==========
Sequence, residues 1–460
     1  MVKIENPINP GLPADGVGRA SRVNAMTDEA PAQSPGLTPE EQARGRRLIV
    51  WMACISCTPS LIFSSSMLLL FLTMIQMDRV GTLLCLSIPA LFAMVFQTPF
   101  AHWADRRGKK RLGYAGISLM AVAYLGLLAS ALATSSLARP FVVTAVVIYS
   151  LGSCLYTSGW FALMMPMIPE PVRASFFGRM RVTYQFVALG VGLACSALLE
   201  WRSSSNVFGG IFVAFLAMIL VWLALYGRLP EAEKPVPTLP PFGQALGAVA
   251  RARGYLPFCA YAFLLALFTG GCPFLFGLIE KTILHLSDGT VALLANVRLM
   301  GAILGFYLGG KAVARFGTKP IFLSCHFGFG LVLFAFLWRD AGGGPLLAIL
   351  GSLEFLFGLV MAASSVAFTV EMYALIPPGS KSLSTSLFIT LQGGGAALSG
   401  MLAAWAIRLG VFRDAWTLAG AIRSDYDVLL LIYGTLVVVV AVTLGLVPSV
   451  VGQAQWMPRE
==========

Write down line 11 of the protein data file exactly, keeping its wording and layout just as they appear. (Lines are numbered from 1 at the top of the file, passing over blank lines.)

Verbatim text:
   451  VGQAQWMPRE